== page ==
Minutes after President Obama said in last week’s presidential debate that corporate jet owners should pay more taxes, former Cessna CEO Jack Pelton was e-mailing Wichita Mayor Carl Brewer – asking for his help.
Pelton asked Brewer, a Democrat, to tell other Democratic Party members about the positive impact that the business jet market has on jobs and the economy.
The industry employs thousands of people in Wichita and around the country.
Brewer, who attended the Democratic convention last month in North Carolina, responded to Pelton in an e-mail on Saturday, saying that he shares Pelton’s concerns.
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In 2009 and 2010, he sent letters to Obama, urging him to pay attention to the “economic value of this critical industry,” Brewer told Pelton in the e-mail.
“Since the issuance of those letters, my position has remained the same,”
The issue arose because during his debate with Republican nominee Mitt Romney, Obama used the accelerated depreciation that owners of business jets can use when paying taxes as an example of a tax break that should be eliminated.
Pelton’s e-mail noted that it took Obama not more than 30 minutes to comment on business jets.
“Why wouldn’t we eliminate tax breaks for corporate jets?” Obama asked before 58 million viewers who watched the debate. “My attitude is, if you got a corporate jet, you can probably afford to pay full freight, not get a special break for it.”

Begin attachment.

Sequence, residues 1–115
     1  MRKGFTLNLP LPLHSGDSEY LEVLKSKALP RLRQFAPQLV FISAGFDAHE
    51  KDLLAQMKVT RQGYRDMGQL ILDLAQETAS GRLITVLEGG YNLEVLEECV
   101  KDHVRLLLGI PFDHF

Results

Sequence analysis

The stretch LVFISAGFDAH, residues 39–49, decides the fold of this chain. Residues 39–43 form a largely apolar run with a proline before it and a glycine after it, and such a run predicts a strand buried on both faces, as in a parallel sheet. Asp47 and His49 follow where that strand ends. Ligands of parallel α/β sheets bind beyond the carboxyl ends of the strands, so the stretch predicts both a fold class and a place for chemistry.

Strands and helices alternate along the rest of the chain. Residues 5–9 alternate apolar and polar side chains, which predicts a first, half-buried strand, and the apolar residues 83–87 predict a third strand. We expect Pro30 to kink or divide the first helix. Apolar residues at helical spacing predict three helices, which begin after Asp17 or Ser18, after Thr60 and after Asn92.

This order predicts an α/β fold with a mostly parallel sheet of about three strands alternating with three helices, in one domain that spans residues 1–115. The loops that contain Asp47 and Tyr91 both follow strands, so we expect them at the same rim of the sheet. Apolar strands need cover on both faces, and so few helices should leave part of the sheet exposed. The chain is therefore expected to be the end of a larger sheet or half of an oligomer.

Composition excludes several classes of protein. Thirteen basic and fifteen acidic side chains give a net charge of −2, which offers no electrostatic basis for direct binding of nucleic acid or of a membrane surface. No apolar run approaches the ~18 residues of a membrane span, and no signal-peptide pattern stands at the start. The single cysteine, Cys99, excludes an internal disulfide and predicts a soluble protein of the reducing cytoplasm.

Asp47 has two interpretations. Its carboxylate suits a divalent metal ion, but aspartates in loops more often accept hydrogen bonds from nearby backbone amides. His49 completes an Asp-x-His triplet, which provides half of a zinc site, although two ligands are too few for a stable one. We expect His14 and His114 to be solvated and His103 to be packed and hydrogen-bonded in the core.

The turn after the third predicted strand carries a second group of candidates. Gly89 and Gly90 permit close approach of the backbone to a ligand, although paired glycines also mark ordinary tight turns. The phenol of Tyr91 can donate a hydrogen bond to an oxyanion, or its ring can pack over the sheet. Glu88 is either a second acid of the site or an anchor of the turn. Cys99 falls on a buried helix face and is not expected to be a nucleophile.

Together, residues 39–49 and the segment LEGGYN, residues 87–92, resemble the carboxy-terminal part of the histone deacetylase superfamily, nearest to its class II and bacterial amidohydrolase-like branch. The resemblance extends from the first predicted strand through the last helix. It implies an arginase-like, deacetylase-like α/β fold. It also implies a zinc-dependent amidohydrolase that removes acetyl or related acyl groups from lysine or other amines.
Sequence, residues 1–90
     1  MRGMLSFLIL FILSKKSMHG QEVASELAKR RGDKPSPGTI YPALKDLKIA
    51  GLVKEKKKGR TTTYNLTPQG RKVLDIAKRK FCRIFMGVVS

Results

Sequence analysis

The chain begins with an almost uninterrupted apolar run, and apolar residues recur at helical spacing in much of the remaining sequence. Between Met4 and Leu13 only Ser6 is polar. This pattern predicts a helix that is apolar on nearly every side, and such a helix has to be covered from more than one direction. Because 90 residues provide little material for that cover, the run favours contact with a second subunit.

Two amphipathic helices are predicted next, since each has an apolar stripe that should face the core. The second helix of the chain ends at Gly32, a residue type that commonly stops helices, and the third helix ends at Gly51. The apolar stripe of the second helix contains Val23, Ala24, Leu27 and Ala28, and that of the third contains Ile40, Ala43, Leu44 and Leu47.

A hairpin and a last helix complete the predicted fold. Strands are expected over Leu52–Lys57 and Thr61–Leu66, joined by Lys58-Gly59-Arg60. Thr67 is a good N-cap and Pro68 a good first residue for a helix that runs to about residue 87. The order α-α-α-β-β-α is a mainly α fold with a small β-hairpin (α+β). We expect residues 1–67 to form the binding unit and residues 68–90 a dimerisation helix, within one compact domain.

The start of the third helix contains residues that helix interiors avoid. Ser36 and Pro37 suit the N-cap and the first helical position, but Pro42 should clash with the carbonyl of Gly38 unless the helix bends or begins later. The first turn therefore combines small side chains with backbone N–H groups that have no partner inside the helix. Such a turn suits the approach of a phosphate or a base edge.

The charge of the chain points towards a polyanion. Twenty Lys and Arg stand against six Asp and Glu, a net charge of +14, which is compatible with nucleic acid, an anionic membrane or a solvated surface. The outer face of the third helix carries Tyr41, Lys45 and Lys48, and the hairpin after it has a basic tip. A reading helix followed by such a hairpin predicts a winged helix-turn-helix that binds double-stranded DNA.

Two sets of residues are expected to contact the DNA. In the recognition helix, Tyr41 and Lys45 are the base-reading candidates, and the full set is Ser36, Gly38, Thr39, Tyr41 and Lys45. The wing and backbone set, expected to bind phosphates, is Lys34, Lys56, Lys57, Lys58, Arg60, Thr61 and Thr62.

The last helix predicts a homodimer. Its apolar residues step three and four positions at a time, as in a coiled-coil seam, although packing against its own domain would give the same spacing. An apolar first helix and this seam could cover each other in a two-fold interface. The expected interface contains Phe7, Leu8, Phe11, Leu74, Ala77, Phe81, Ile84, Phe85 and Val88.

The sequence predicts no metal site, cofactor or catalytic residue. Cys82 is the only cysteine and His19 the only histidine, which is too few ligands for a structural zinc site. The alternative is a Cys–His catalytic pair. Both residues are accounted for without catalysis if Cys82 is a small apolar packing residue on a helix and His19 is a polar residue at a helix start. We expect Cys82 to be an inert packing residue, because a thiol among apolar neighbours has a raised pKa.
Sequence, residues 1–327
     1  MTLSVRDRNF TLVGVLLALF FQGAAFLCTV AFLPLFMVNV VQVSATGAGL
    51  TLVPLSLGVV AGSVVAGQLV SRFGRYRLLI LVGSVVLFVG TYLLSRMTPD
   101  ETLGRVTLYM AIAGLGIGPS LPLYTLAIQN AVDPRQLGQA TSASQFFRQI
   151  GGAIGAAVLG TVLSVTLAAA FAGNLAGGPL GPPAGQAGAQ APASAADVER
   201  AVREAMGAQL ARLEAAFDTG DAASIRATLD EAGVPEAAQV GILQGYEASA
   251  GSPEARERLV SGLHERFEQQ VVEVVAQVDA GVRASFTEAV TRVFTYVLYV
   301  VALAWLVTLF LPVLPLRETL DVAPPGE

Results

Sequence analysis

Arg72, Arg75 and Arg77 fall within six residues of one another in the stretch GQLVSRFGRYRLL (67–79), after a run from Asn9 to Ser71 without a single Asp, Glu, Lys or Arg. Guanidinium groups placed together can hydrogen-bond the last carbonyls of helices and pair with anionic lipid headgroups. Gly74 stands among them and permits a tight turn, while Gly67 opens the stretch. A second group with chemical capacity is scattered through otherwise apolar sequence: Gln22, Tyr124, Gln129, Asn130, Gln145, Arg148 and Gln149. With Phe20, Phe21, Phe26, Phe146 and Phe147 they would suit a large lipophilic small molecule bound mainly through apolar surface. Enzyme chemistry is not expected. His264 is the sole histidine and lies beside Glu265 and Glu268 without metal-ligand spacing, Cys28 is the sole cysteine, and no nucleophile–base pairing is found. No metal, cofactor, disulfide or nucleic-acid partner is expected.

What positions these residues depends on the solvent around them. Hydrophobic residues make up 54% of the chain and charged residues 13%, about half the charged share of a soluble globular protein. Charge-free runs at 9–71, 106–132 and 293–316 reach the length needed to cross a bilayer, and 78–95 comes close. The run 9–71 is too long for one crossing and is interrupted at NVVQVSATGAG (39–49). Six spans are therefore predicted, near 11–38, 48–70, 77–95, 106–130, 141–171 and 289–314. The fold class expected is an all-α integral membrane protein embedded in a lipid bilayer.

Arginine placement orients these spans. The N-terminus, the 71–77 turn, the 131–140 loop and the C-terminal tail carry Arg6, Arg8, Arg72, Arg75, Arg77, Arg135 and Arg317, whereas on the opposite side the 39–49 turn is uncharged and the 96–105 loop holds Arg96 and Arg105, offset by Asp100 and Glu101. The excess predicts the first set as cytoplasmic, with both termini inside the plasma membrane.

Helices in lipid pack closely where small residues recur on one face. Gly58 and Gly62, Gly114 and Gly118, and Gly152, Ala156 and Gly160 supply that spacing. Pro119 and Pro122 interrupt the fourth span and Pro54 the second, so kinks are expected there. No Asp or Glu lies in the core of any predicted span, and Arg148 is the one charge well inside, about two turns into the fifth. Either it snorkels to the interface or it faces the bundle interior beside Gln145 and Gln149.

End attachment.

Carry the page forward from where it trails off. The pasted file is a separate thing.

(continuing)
While Obama made specific mention of business jet buyers’ ability to claim the break as long as the jet is bought for business purposes, business owners can also take accelerated depreciation on machinery and equipment. Unless extended by Congress, the break will expire at the end of 2012.
In his e-mail Pelton said Obama’s statement was ill informed regarding the use of business jets and more importantly, it’s “damning to the great people who work on the production lines here in Wichita."
The business climate for the industry continues to be at an “all-time low,” Pelton said, who called Obama’s remarks infuriating because they ignore the impact that the industry has on the economy.
Brewer noted that last year he joined other state and community leaders in welcoming U.S. Transportation Secretary Ray LaHood to Wichita, where he spoke at Cessna.
“Our message was clear: Aviation is vital to the nation’s economy and to the President’s goal of doubling exports,” Brewer said.
“Going forward, I will continue to defend the aviation industry,” Brewer wrote, “and will make every effort to take our message to our President.”